The Taliban’s Man in Washington

Zalmay Khalilzad is blaming Afghans for the failures that resulted from his deal with the Taliban.

Zalmay Khalilzad, the former U.S. special representative for Afghanistan reconciliation, is making his rounds in the media. As should be clear to everyone by now, Khalilzad’s servile diplomacy helped pave the way for a swift Taliban victory over the now deposed Afghan government this year. Nonetheless, Khalilzad is trying to defend his record. His arguments are self-serving piffle.

Consider what Khalilzad had to say during an appearance on CBS News’ Face the Nation on October 24. 

First, Khalilzad tried to blame exiled Afghan President Ashraf Ghani for failing to reach a “political settlement” with the Taliban. Ghani’s tenure was an unequivocal failure, and few will rise to Ghani’s defense. But it’s nonsensical to claim that Ghani held the keys to peace. The Taliban never had any interest in a political compromise. The group’s leaders repeatedly made it clear that they were waging jihad to resurrect their Islamic Emirate of Afghanistan, the same totalitarian regime that was deposed in late 2001. This was a sacred duty for the jihadists and the principal motivation for their 20-year war. 

The Taliban did not hide its ultimate political objective. The Taliban repeatedly referred to itself as the “Islamic Emirate of Afghanistan” in the February 29, 2020, agreement with the U.S. Somewhat clumsily, the State Department inserted language into that same accord saying the U.S. does not recognize the Taliban’s regime. But that did not stop the Taliban from insisting that it be called the “Islamic Emirate of Afghanistan.” Khalilzad struck the deal anyway. And that was a dead giveaway.

The simple fact of the matter is this: There was no “political settlement” to be had. The Taliban was fighting for total victory—exactly as it played out this year. There is no valid counterfactual scenario in which Ghani, or any other Afghan official, could have persuaded the jihadists to settle for anything less than the resurrection of their authoritarian government. 

Therefore, Khalilzad’s story rests on an entirely dishonest premise.   

Khalilzad claims that the State Department should have “pressed President Ghani harder,” as if the failure to reach a negotiated compromise was Kabul’s fault. How would that have worked? The U.S. forced the Afghans to fight for a draw between February 29, 2020, when Khalilzad submitted to the Taliban in Doha, and August 15, 2021, when the jihadists took over the country. The U.S. kept insisting that there was “no military solution” to the war, dangling the prospect of a fanciful political settlement, even as the Taliban and al-Qaeda fought for victory.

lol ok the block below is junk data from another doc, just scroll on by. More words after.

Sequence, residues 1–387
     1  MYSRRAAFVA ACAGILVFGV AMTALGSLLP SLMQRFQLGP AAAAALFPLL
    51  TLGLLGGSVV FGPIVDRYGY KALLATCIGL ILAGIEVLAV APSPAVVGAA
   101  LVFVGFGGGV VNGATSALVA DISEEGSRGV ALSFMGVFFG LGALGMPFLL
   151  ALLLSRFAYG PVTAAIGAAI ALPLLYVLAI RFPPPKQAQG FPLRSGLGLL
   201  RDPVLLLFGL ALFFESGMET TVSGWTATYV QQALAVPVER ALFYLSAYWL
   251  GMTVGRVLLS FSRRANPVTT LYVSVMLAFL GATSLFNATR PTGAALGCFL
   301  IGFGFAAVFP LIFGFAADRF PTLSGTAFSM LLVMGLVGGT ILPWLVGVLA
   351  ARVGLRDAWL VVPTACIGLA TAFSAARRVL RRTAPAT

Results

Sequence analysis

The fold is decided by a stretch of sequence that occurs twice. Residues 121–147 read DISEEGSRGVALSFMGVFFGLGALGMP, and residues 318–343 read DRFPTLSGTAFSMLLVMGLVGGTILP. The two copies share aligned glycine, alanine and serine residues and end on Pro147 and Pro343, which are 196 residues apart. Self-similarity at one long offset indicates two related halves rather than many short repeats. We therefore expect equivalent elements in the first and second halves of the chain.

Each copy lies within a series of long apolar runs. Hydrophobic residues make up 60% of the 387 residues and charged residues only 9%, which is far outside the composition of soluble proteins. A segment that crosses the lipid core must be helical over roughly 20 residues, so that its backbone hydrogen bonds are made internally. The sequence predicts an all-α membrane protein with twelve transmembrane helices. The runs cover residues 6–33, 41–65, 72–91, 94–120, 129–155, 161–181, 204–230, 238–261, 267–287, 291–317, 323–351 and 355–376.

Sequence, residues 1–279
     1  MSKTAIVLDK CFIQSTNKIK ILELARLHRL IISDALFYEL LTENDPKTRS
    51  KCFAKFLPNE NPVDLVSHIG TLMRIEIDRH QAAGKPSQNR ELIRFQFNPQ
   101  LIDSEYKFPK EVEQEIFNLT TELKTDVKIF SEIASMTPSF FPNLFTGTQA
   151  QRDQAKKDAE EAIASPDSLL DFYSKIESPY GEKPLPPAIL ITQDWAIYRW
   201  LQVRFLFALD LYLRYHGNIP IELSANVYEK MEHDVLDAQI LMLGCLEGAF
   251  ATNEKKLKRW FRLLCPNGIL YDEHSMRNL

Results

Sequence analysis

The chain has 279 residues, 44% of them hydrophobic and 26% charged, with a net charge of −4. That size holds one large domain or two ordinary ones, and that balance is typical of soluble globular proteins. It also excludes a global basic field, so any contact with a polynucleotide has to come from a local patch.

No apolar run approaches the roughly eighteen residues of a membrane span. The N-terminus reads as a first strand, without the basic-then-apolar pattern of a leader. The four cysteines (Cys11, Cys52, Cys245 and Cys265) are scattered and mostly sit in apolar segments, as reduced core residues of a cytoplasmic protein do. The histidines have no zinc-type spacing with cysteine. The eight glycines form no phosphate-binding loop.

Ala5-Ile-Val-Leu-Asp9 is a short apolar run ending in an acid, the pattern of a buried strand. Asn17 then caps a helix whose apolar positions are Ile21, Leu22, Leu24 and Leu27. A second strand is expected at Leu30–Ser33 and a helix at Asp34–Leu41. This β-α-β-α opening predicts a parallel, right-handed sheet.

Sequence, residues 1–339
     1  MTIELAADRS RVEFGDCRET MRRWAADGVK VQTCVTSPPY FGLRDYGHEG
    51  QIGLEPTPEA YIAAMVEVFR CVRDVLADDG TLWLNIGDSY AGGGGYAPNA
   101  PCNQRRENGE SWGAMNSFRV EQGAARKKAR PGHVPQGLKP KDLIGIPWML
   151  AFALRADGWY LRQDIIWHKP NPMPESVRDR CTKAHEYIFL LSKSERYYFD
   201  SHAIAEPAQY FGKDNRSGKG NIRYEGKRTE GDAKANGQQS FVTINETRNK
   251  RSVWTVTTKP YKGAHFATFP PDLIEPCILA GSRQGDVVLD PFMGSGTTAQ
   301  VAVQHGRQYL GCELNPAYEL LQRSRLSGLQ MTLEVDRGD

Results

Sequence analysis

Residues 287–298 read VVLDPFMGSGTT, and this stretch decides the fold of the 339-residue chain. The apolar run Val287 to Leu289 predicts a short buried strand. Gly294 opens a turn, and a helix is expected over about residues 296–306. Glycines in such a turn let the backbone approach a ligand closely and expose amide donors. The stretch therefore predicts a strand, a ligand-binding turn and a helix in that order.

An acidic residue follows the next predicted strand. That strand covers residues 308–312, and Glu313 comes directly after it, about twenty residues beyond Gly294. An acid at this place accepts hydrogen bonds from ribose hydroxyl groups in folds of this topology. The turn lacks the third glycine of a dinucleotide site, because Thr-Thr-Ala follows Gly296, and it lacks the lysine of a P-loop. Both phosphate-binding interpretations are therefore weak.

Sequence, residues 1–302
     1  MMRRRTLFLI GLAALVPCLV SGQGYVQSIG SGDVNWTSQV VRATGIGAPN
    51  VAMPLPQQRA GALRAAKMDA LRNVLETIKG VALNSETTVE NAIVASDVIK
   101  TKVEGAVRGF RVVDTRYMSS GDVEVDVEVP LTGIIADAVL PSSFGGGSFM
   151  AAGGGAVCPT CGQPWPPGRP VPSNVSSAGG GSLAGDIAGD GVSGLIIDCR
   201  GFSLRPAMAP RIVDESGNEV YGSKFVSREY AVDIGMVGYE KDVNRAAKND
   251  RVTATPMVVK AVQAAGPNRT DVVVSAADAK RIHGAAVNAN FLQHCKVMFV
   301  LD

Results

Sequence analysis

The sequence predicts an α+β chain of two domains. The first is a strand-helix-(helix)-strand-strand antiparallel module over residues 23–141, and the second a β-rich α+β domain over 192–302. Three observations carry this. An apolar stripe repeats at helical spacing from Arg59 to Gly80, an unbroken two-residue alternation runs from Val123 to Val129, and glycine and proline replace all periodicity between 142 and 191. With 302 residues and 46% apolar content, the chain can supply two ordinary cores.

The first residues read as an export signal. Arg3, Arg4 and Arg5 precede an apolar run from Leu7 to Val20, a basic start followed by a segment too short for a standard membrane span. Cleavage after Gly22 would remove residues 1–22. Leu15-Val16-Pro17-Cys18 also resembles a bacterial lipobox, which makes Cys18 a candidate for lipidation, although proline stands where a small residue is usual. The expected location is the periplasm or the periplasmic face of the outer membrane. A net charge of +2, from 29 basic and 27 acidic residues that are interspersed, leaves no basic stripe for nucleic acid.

Indeed, Khalilzad’s submissive diplomacy helped the Taliban’s men win the war during that same time-period. Remember: Ghani and his representatives were excluded from Khalilzad’s negotiations with the Taliban. Regardless, Ghani’s government acquiesced to the pressure Khalilzad placed on it by freeing 5,000 Taliban prisoners from Afghan jails. Despite supposed assurances from the Taliban that these fighters would stay out of the war, some of the newly freed jihadists immediately returned to the battlefield and helped their brethren overthrow the Afghan government. The Taliban and al-Qaeda can thank Khalilzad for this boost in manpower.  

As Susannah George of the Washington Post has reported, Khalilzad’s bilateral deal with the Taliban hastened the demise of the Afghan military and security forces in other ways as well. Khalilzad’s accord “demoralized” many members of the Afghan forces, signaling that the Taliban was going to return to power. To be sure, there were many other problems, ranging from corruption to poor Afghan leadership. But after Khalilzad’s agreement, many Afghan commanders decided to cut deals with the jihadists, rather than risk losing an all-out fight. We can criticize the Afghans for failing to muster more of a defense, but their defeat took place in the context of Khalilzad’s diplomacy. 

Again, Ghani was a feckless leader. But that doesn’t absolve the U.S., which was supposed to be the real power in the war. And Khalilzad himself deserves much of the blame for the way the endgame unfolded.

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